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There are 16 playable races in Master of Orion 3, including several that are new to the series. In addition to this, it’s possible to custom create your own race, though there are fewer options than were in MOO2, and you’re limited by the “template” species you choose. Once you’ve selected your race, it’s time to create a galaxy to play in – ranging from small clusters to huge three-arm spirals that contain hundreds of stars. Unlike the previous releases, galaxies in MOO3 are 3D in nature, so you’ll find stars along all three axes; however, you can still play from a top-down 2D-style viewpoint if you prefer.
One of the first major changes veteran players will notice comes in the form of space lanes. Space lanes are the primary method of fast travel in Master of Orion 3, and are similar to Jump Gates in MOO2. If you wish to travel to a system for which you have no direct space lane, or a wormhole, it can take dozens or even hundreds of turns to reach your destination. This method of travel makes it possible to create strategic junctions in parts of your empire in order to prevent enemies from reaching your more vital systems.
With such vast distances involved, Quicksilver has made MOO3 into a true empire simulator, and gameplay takes place on both a macro-empire and micro-planetary scale. On the empire level you can assign the following: taxation; government funding for research, military grants, unrest and planetary development (to get newly colonized worlds off the ground); an overall budget scheme; spying; how you want worlds developed; negotiations with other races and more. Think of it akin to our federal government, with the planets acting as states.
Once you’ve set how you want your empire to run, your planets will take the money you send them to develop and grow. This is where the micro-managing makes its appearance, though you can always assign the AI to deal with planetary governance for you. Rather than just building various planetary structures, as in MOO2, each world now constructs Dominant Economic Activity zones. Depending on which DEAs you assign, the planet will develop into a farming colony, industrial or mining planet, research colony or a mixture of the above. In addition, within these DEAs many of the structures from MOO2 are automatically built, such as Robo-Miners, Pleasure Domes and Automated Factories.
Another major change is in resource distribution. Rather than each world operating on its own with only basic interactions with others in your empire, resources are now shared. For example, if you have a poor planet in a strategic location, you can build Industry and Military DEAs there, then import the minerals required from other planets in your empire. In this way, no world is useless.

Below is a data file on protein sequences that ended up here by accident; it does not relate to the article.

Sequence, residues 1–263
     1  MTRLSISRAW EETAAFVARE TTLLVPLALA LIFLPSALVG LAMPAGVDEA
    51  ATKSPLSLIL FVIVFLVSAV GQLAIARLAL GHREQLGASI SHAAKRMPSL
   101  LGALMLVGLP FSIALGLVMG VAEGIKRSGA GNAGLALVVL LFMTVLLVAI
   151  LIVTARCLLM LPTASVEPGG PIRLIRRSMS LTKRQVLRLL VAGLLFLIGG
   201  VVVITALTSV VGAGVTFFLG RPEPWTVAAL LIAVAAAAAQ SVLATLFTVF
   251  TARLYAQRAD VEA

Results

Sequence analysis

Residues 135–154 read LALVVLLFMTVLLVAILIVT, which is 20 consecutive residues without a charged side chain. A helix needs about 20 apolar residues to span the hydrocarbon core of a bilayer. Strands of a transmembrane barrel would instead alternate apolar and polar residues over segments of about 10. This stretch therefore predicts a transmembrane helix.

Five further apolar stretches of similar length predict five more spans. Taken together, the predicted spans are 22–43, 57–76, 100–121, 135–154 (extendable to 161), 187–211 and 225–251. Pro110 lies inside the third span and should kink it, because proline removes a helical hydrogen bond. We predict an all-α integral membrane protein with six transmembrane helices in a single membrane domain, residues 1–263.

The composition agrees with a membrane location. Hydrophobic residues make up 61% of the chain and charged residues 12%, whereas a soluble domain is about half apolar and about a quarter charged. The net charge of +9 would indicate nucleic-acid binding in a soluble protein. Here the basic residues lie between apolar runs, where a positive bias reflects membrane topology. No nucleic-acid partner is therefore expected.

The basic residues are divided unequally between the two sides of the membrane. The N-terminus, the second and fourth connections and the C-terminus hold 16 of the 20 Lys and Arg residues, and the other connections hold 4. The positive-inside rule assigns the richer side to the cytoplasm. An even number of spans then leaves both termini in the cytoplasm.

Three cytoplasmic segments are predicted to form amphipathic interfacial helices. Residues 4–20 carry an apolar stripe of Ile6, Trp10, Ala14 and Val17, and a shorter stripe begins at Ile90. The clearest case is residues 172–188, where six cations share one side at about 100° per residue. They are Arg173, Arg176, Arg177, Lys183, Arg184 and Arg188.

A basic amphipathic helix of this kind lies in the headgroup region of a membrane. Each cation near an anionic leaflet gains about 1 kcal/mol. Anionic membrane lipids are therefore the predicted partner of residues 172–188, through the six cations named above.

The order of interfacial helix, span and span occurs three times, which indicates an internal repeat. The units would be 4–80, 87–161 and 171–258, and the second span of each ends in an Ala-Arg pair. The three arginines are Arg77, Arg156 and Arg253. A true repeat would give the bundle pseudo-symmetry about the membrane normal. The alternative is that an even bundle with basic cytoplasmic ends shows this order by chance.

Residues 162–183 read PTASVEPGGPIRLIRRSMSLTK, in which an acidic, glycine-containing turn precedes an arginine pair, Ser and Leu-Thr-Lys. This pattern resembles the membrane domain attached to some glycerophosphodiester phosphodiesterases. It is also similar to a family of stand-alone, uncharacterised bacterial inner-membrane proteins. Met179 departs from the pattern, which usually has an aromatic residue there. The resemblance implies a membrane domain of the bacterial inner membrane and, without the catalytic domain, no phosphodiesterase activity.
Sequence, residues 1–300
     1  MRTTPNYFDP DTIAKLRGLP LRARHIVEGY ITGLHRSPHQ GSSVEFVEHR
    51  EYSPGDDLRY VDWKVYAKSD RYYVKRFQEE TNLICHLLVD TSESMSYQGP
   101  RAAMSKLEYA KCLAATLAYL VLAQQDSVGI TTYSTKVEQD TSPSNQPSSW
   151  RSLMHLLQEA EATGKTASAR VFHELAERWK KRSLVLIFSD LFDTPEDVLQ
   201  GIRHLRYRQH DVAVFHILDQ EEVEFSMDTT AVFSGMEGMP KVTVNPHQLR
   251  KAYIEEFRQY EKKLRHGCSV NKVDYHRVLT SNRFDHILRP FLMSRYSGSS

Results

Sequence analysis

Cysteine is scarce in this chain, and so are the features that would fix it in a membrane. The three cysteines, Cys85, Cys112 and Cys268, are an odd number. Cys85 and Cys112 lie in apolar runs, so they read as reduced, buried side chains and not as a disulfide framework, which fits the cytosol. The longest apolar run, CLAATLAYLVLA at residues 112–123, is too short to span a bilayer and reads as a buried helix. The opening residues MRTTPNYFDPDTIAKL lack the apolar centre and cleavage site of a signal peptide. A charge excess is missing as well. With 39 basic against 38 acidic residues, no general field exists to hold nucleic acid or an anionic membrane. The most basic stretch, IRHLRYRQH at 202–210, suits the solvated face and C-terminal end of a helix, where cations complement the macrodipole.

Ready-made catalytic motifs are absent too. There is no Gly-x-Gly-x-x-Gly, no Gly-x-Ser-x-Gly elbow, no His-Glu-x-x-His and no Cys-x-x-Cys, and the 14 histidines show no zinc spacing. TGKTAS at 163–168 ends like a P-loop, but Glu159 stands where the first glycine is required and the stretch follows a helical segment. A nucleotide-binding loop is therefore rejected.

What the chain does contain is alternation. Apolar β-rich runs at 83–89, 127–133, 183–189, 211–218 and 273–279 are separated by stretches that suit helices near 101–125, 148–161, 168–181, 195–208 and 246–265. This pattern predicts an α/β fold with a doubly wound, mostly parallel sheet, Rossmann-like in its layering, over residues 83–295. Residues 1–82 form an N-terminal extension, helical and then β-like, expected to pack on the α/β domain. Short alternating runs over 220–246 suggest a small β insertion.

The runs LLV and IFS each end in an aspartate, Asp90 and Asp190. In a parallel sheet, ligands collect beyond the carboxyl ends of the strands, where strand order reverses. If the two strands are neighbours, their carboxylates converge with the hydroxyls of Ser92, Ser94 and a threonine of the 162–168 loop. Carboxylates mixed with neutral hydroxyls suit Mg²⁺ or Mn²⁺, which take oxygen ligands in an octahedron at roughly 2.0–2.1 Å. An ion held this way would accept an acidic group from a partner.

Lastly, once you have some DEAs established, you can assign items for your people to build. Unlike in MOO2, there are now separate queues for Military and Planetary constructs; and much like on the empire level, how quickly things are built depends on how much funding you provide. In addition, while there are only three queue slots for each type of construct, all three are worked on simultaneously based on their position in the queue and how much money you spend. It is therefore possible for a planet to clear a queue in only one turn, depending on what’s being worked on. Quicksilver has also made it easy to spot gross inefficiency by assigning color changes to the various economic sliders: the darker a slider becomes, the more money that is wasted.
Of course, the two most notable elements of the MOO series are that of the Tech Tree and Ship Design. MOO3 takes the Tech Tree from the previous games and runs with it – far. There are more than 35 tech levels present (that I’ve discovered so far for this review), each of which contains three individual technologies. Multiply this with the six schools of science and you have well over 600 techs! However, there is no Creative trait as there was in MOO2, so it’s unlikely to discover every technology on your own. In fact, you can no longer decide on which specific discoveries to go after in MOO3; your ability to influence this area is limited to your funding for each school of science.
Ship Design relies heavily on the Tech Tree, and as you might imagine, there are more choices than ever before. Ships come in three basic types in MOO3: Orbitals (starbases, defense satellites, etc.); System Ships (those which cannot travel outside their home system); and Starships. For each type there are also 14 size levels you can work with ranging from the tiny Lancer to the mammoth Leviathan. Since there are so many different types of weapons, shields, engines and specials to choose from, Quicksilver has included an Auto-Build option that will automatically create a ship design for you based on its primary mission.
Once you have some starships designed and built, you can send them off to battle as part of a Task Force. Task Forces allow you to construct armadas of ships with which to assault your enemies, ranging from only one vessel to as many as 18. If this doesn’t seem like enough firepower for you, it might be comforting to know that you can bring up to 10 Task Forces with you in a single battle. (Since there are no longer command points to worry about, as in MOO2, it is now possible to create as many ships as your budget can afford.) Once combat is joined, MOO3 turns into a real-time strategy game for the duration of the conflict. Similar to the galaxy map, the combat map can also be panned around, but it is not truly 3D – all combat takes place on a 2D grid.
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